We’re passionate about birds and nature. That’s why we opened a Wild Birds Unlimited Nature Shop in our community.
951 Gordon Street
Guelph, ON N1G 4S1
Phone: (519) 821-2473
Fax: (519) 837-8725
Email: Send Message
Mon - Fri: 10:00 am - 6:00 pm
Sat: 10:00 am - 5:00 pm
Sun: 12:00 pm - 4:00 pm
There are several, less-frequent backyard visitors that are found in our region for only certain months of the year. Keep your eye out (and your feeders full!) for these exciting birds in your yard!
This beautiful bird is unmistakable! The male wears the rose breast, and the female is simply brown and white. Grosbeaks are about the size of a cardinal, and therefore need a large perching space. They are attracted to black oil sunflower and safflower seeds.
This goldfinch-sized bird stuns birdwatchers with its bright blue dress! Indigo Buntings' favourite seed is nyjer, although they will also eat sunflower chips (striped sunflower seeds without the shell). This Indigo Bunting is eating sunflower chips from our Dinner Bell Feeder.
Baltimore Orioles frequent large deciduous forests, where they prefer to nest. If you see this bird in your yard, put out a nectar feeder right away! Use a 6:1 ratio of water to white table sugar. Orioles also love grape jelly, orange slices, and mealworms. Our WBU Oriole Feeder allows you to offer all of their favourite foods! Read more about our Attracting Orioles and using Specialty Foods.
Although these birds are not attracted to seed feeders, you can entice them to visit your yard by offering dried fruit. Raisins (soaked in water) and dried cherries have been a popular choice with our customers. This Robin pictured to the right is visiting a ground tray feeder for a snack of raisins. Another great way to invite them to your yard is by putting out a bird bath or fountain! Read more about attracting birds with Water.
Commonly referred to as the "snowbird", the Junco has an uncanny tendency to arrive with the first snowfall! These are very socialable birds, which means that they will usually visit your yards in flocks from several to several dozen. Juncos prefer to eat at ground level, so you can put out a ground tray feeder, or simply sprinkle seed on the ground. They prefer white millet seeds, as well as nyjer.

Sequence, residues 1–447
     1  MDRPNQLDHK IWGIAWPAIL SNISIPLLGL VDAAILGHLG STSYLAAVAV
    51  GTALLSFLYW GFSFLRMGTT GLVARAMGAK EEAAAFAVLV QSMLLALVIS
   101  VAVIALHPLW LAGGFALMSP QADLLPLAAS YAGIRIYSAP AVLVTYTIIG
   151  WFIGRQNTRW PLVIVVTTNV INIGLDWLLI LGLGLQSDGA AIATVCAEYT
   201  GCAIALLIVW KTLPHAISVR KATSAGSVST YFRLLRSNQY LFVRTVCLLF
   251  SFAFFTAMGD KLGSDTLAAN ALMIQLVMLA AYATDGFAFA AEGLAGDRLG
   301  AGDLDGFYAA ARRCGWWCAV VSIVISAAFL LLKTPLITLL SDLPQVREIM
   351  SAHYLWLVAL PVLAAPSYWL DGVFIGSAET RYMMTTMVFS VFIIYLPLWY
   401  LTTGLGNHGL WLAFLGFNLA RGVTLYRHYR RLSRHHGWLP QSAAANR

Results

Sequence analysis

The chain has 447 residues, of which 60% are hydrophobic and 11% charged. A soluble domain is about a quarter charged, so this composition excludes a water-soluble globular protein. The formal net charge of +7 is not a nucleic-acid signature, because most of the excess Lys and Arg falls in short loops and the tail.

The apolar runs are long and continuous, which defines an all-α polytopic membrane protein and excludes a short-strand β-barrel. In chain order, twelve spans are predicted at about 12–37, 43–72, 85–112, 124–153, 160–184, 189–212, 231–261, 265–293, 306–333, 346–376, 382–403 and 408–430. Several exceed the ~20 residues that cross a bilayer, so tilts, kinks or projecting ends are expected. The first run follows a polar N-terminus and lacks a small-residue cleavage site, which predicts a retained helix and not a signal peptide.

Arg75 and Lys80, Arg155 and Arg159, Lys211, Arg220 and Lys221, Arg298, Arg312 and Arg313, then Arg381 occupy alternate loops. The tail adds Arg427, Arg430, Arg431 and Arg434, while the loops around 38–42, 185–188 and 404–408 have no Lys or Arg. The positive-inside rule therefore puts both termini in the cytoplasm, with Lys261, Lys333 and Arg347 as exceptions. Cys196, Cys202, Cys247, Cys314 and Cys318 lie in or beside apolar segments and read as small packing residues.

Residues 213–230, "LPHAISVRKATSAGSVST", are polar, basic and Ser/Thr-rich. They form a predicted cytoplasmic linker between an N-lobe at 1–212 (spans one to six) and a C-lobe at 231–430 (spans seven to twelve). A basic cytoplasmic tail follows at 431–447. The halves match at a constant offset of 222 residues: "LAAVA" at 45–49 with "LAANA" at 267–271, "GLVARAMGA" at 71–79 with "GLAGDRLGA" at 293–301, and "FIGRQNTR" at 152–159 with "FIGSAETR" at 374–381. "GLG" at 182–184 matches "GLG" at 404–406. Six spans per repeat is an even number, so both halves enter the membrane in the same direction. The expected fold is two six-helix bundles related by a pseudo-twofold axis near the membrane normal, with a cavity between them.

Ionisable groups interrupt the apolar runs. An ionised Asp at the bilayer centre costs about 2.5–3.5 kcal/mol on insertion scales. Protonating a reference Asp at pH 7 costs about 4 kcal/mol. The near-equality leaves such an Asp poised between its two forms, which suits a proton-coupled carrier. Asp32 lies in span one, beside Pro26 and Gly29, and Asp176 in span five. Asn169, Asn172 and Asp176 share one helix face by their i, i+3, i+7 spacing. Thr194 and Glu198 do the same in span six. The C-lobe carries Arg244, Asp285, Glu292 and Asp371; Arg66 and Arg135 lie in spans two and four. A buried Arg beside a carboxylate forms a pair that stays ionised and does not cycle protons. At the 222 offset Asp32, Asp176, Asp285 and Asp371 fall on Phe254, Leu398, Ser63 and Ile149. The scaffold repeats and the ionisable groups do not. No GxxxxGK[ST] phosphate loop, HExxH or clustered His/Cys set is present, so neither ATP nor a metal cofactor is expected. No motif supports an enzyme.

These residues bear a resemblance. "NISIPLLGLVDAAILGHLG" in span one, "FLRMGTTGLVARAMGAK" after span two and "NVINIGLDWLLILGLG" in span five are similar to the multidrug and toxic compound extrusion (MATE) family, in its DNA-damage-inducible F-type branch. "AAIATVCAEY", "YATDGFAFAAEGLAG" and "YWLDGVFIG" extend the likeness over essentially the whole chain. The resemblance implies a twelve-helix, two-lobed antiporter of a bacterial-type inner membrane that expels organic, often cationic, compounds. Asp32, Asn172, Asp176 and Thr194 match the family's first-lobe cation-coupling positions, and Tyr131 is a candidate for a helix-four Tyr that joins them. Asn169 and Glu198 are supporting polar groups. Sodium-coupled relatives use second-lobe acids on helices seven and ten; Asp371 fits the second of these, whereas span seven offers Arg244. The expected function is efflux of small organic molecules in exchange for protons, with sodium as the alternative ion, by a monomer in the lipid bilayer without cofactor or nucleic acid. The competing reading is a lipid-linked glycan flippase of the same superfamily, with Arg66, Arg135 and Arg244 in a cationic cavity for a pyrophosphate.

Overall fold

Redpolls are a bird of the far north, and only come down into our area during winters when their food supply is unusually low. Therefore, you will not see Redpolls every winter, but only during "irruption" years. However, if your nyjer feeders are full, keep an eye out for this brightly coloured, finch-sized bird!
Very similar in size and shape to the American Goldfinch, you can determine it's a Pine Siskin by its dark streaking all over its body. Occasionally there is a hint of yellow in its wings. Also similar to the Goldfinch, the Pine Siskin loves nyjer seed, as well as sunflower chips.
Although it is tempting to group any brown bird as a "sparrow", it can be a fun challenge to learn the differences. For most of the sparrows that visit the backyard, it is not very difficult to tell them apart once you know what to look for!
Sparrows all prefer to feed at ground level, so sprinkle some white millet beneath the feeders or near some shrubs, and watch them hop around and "double-scratch" the snow or soil to uncover the seeds! They love coniferous trees or bushes, and brush piles (see The Bird-Friendly Backyard for tips on how to create a brush pile).
Despite their name, they prefer to forage close to the ground, also in flocks. The American Tree Sparrow has a plain grey breast with a single central spot, as well as a rusty-red cap. Another unique feature is that it has a bi-coloured bill of yellow and black!
A stunning sparrow, of larger size than most sparrows. The "skunk head" pattern is distinctive, although it may be confused with the White-throated Sparrow (below). Watch for the pinkish bill, and the lack of white patch beneath on its throat.
These large sparrows tend to be less social, so watch for one or two flitting about either in spring migration or fall migration. The white throat patch stands out the most. Note that the "white" stripes on the head vary from white to tan. They also have a single yellow spot in front of the eye.
The smallest of our sparrows, the Chipping Sparrow is perhaps also the plainest. They have a rusty-red cap, a black stripe through their eye, and a plain grey breast.
The only other sparrow with a central dark spot on its breast. Otherwise, Song Sparrows are heavily streaked in brown. As you can imagine from their name, they have a beautiful song which has a cadence something like "maids, maids put on the tea kettle!" (Visit Rightbird.com to hear its song.)